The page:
Dr. Seuss's book The Lorax came out in 1971, but I don't think I've ever read it, at least not that I remember. I can't speak to how closely the adaptation follows the book, but much of the dialogue sounds very Seussian, as if playwright David Greig lifted it directly from the book. The story-within-the-story is told when an old man who lives in a secluded tower is asked to tell the story of the Lorax, whose name is on the base of a statue that says "unless." He reluctantly agrees, and we enter the Once-ler's story. As a youngster he was kicked out of his hard-working but greedy family's house to find his fortune. He eventually arrives in a beautiful valley populated with Truffula trees, and decides to knit something from their silky tops. When he cuts down one of the trees to get more knitting material, a small orange creature called the Lorax appears and tells him to stop. He's a caretaker and protector of the trees, who cannot speak for themselves. The Once-ler agrees, until the Lorax leaves and someone comes along and buys his knitted thing, which he calls a thneed. Believing this is the thing that will make him rich, he calls his family and they open a factory, cutting down more and more trees and polluting the valley with smog and runoff from the factory. Lorax and his friends try to stop him, but Once-ler's greed knows no bounds, and he only stops when the trees run out, and his success disappears as quickly as it came. He wants to be friends with Lorax again, but that's impossible, and Lorax leaves the valley that is now devoid of trees and animals. "Who knew The Lorax was such a depressing story." But it's not depressing, it's a warning. And Once-ler realizes that we must all be like the Lorax and defend and protect the trees.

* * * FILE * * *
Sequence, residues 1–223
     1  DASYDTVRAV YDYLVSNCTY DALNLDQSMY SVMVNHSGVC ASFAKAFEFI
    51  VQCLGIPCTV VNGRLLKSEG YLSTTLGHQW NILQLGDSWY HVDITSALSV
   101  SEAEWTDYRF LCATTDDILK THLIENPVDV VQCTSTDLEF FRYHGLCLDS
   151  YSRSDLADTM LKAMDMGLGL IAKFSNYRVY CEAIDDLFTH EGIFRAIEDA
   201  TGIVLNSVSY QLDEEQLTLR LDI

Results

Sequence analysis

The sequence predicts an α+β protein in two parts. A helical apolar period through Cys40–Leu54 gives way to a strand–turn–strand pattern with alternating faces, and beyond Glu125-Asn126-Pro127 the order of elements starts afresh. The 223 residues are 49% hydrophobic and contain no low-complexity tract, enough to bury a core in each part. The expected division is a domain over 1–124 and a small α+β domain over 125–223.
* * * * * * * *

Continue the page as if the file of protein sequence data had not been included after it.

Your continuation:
|Meghan Kriedler, Rick Miller, and H. Adam Harris as the Lorax
with Steven Epp as the Once-ler (photo by Dan Norman)
|the fish trio (photo by Dan Norman)
The storytellers are dressed in what I would say was depression-era Americana garb,
except this show is from England. Whatever it is, it serves as a sort of neutral against which the bright colors of the animals and Once-lers pop. The set is pretty magical, from the warm and fuzzy Truffula trees descending from the ceiling, to the simple but cool effects to create the fish's pond and shadows through the forest, to the massive factory machines. Charming puppets are used to represent not just the Lorax, but also fish and birds, manipulated by the versatile and hard-working ensemble.
I had a fantastic #TCTheater Earth Day weekend, with both Market Garden Theatre's production of Eric Coble's My Barking Dog and Old Vic/Old Globe/Children's Theatre's production of Dr. Seuss's The Lorax reminding me that Nature is all around, and must be respected. Or things could go very very long. Unless...
The charming, magical, fun, and poignant Dr. Seuss's The Lorax continues at CTC through June 10 and then moves on to speak for trees in San Diego, and hopefully around the world.
This article also appears on Broadway World Minneapolis.